Children's Hospital Los Angeles implemented strategies to reduce clinical care variation for four patient populations: appendectomy, pneumonia, fever and cystic fibrosis, and saved a substantial amount in direct costs.
While Children's Hospital of Los Angeles (CHLA) was moving toward APR-DRG-based reimbursements, internal and benchmarking data showed there was an opportunity to improve patient experience and reduce variation. In 2013, the organization implemented clinical care variation management strategies to eliminate waste and non-value added activities that could lead to varying patient experiences and outcomes.
At the 2017 Quality and Safety in Children's Health Conference, James Stein, M.D., chief quality officer, and Becca McKnight, M.H.A., performance improvement program manager, CHLA, talked about clinical care variation management as a strategy to investigate the care process of a patient across the continuum. This strategy uses an interdisciplinary workgroup to dissect processes for waste and variation, reviews evidence for—and gains consensus on—developing multidisciplinary action plans, and implements solutions to leverage information systems.
Identifying the conditions
To begin the process, a team at CHLA used data to identify four patient populations—appendicitis, pneumonia, fever and neutropenia, and cystic fibrosis—that had the greatest opportunity for improvement based on volume, cost and variation. The hospital identified these conditions by examining readmission rates, severity of illness, average length of stay (LOS), volume, payer and charges. An internal data pull, and benchmarking information from the Pediatric Health Information System (PHIS), revealed variability in clinical care among these conditions.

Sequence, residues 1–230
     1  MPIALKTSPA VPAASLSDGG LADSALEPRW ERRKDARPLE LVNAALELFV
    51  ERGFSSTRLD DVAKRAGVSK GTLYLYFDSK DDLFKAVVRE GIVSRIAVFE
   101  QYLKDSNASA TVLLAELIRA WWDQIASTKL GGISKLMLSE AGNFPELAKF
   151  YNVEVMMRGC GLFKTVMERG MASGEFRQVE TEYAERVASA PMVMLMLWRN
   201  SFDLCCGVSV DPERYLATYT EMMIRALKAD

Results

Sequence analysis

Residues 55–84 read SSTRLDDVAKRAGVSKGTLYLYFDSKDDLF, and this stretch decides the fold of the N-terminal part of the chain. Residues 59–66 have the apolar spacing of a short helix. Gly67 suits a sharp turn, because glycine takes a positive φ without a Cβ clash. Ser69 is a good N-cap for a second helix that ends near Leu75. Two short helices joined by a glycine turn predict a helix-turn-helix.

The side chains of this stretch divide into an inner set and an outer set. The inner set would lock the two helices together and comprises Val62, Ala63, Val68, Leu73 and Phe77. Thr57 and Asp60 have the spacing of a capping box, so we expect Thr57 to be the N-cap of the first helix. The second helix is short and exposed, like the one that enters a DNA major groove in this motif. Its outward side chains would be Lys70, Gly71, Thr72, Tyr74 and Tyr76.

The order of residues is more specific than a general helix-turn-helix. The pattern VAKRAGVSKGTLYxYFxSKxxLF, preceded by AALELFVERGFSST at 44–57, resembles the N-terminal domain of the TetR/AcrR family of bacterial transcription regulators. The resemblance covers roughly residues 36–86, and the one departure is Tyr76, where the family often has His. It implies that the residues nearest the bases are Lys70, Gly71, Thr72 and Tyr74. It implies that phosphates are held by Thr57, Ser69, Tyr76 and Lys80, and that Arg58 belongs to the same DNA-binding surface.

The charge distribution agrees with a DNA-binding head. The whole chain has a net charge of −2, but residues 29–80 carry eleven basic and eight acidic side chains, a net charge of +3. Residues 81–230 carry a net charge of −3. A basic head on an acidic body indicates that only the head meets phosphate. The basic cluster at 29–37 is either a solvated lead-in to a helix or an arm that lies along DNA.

Getting teams on board
The next step was to facilitate workshops with key leaders and representatives from the four clinical areas to develop a framework and a methodology for improvement. "We knew when it came to inviting participants to the workshops, we needed to begin with committed leaders," McKnight says. "You have to have people who are respected by their division colleagues and want to make a real commitment to change." Also, a mix of experienced and new staff members ensured the work captured diverse viewpoints.
Implementation and results
Ideas from the workshop led to changes implemented within two to four months. For example, with appendectomies, the hospital standardized its antibiotic protocols, reduced antibiotic therapy time, and reexamined its ultrasound and CT use. With these efforts, the hospital had a 4 percent decrease in LOS for simple appendectomies; a 27 percent decrease in LOS days for ruptured appendectomies; and a 41 percent decrease in LOS days for gangrenous appendectomies.
When it comes to direct costs, for simple appendectomies, the hospital had a 9 percent increase in average direct costs per case. Leadership attributes this to a higher use of disposables in the operating room, and they are continuing to examine this cost. But for ruptured appendectomies, the hospital had a 7 percent decrease in costs, and a 12 percent decrease in costs for gangrenous appendectomies.
Overall, the clinical care variation work across appendectomy, pneumonia, fever and cystic fibrosis has saved the hospital $5 million to date in pharmacy and direct costs. The team will continue examining data and dashboards to ensure it continues to stay up to date on clinical practices and look for other areas of improvement.
McKnight says one of the biggest lessons learned during this project was to be flexible. "All of the groups involved are different, so it's important to be accommodating of different personalities and help people manage change," she says. "And in the future, the teams know we will continue to support them and they've continued to stay on top of this work."
Learn more about this work and view the slides from the presentation.
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